Thursday, June 14, 2007

An 8:30 dentist’s appointment forbids verbosity this morning, but much has been happening on the knitting front…

Today is the day I attempt to acquire the ability to graft ribbing. Here’s Sam, with the Strathardle wool which will be included in his stuffing for luck.

The Yarn Yard yarn for June came while we were away. It was inspired by “a large chocolate cake on a traditional blue willow-patterned plate. The skeins are not all identical…some of them have more of the cake eaten and hence more of the blue and white plate showing.” The letters from Natalie are not the least benefit of membership of the Yarn Yard sock club.

And the big one, yesterday, was a box of Koigu from my friend the Socklady. She has a friend who has so much of it that she is getting tired of paying the storage charges. I can see how that might happen.

So she is selling some of it off, and the Socklady and I have been the beneficiaries. I am told the seller has another 500 skeins in her stash.

The colours are as wonderful as if I had made the choice myself. I’ve knit quite a bit with Koigu in recent years – a sweater for grandson Mungo, one for nephew Theo, one each for the Little Miles Boys, one for Rachel, a Baby Surprise for a neighbour’s baby – and still my stash seems to increase.

I’m thinking maybe I should branch out into modular knitting. Has anyone looked at Maie’s recent book?


Catriona, I was thrilled to learn that you have finished that Amedro shawl, and enjoyed doing it. Never mind time – you’ve got a long life ahead of you. I knit my first Shetland shawl when I was pregnant with Rachel, and didn’t get back to lace for quite a while. At my age, the limitation of which one is ever aware, is death itself.

Rabbits. The great thing – one of many great things – about Beatrix Potter is that she sees country life with unsentimental eyes, even if she then dresses Peter in a little blue jacket with large buttons. His father, remember, was put in a pie by Mrs McGregor and I am looking forward to similar culinary experiments when James gets here in August. My husband won’t clean and skin them for me.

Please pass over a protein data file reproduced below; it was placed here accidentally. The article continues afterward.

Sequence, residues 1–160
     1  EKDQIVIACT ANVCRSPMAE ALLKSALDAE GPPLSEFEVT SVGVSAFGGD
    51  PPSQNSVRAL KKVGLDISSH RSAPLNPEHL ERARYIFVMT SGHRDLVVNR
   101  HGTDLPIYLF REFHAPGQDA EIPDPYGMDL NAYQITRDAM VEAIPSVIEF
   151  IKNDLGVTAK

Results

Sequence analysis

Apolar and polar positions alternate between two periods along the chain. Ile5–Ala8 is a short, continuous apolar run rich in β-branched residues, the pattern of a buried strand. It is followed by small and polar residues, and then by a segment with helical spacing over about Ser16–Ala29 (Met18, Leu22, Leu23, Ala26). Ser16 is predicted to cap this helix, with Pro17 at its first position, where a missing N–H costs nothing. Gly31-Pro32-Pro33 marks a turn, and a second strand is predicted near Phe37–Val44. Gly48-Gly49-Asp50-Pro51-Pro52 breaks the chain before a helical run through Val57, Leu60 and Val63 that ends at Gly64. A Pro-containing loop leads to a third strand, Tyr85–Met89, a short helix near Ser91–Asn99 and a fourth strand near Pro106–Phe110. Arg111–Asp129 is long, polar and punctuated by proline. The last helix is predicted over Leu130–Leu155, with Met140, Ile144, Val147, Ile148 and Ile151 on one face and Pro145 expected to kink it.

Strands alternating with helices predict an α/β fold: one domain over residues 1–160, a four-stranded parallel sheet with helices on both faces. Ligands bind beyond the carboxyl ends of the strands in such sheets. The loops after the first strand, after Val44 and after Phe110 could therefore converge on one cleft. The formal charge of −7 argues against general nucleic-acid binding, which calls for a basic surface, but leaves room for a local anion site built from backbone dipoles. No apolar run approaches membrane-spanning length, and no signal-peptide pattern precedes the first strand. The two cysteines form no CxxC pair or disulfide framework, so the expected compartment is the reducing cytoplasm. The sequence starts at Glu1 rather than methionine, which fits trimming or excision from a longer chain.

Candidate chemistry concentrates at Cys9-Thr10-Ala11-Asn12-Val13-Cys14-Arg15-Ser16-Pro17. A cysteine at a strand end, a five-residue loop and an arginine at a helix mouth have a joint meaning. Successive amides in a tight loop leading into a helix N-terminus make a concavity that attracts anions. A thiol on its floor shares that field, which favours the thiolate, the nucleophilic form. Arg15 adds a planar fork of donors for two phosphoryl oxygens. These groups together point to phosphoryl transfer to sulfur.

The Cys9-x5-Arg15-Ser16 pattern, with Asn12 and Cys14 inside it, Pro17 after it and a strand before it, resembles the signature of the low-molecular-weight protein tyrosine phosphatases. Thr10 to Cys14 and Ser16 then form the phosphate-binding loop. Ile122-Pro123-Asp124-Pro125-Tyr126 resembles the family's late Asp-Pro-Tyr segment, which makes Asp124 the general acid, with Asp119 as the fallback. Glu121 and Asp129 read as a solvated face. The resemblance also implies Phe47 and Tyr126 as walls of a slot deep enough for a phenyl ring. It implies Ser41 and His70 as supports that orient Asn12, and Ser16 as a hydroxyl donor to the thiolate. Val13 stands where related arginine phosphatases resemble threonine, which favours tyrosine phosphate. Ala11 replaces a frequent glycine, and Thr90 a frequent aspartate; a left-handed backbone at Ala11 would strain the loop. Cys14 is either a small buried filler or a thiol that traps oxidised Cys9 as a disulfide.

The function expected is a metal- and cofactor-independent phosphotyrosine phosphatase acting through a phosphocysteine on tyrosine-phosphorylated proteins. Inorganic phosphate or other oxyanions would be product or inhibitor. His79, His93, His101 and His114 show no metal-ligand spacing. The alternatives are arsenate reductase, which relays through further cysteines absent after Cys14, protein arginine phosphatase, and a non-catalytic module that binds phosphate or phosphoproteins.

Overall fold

They’d be particularly tasty this time of year, too. I thought several times last week of Peter and his cousin Benjamin, seeing the young ones frisking about.

I have just re-read “The Tale of Peter Rabbit”. I had forgotten the wicked mouse, “carrying peas and beans to her family in the woods”. I had a lot of trouble with her last year. Mice – it must be mice – also nibble the shoulders of beetroot, when the nicely rounded bulbs begin to appear above ground.

But it would be no fun, gardening in the Garden of Eden.


  1. At the risk of appearing greedy, is it possible for some of your faithful readers to acquire some of the excess Koigu?

    For fair recompense, of course :)

  2. Anonymous1:37 PM

    I was threatening to put the marauder in my garden into a pie just a few minutes ago! But since I live in the city no shooting allowed, so they are, as the nuns used to accuse us of being 'bold as brass' - I finally got my first pint of strawberries without bunny chews in them last evening.

  3. Anonymous2:18 PM

    Jean, you entertain us with your country adventures as much as your knitting ones! Would you like for me to send you some our plant-eating deer for your menagerie?
    I enjoy seeing and hearing about the square foot gardening. I hope you get the better of the critters this year.

  4. Anonymous3:51 PM

    May I suggest a large cat who likes to hunt. My 13 lb traditional Siamese boy has the rabbit population down to one very very wary adult. The small ones he has killed and eaten. An amazing feat since he has no opposable teeth.

  5. Wow - a rabbit eating cat! I'm still trying to get mine to discipline the rat population. Saw one on the garage roof last night (shudder).

    Jean, I'm going to be v. interested how you end up going with the grafting. My one and only sock (2nd sock still in ball form)had a grafted toe. I finished it last January and I'm still recovering from the experience.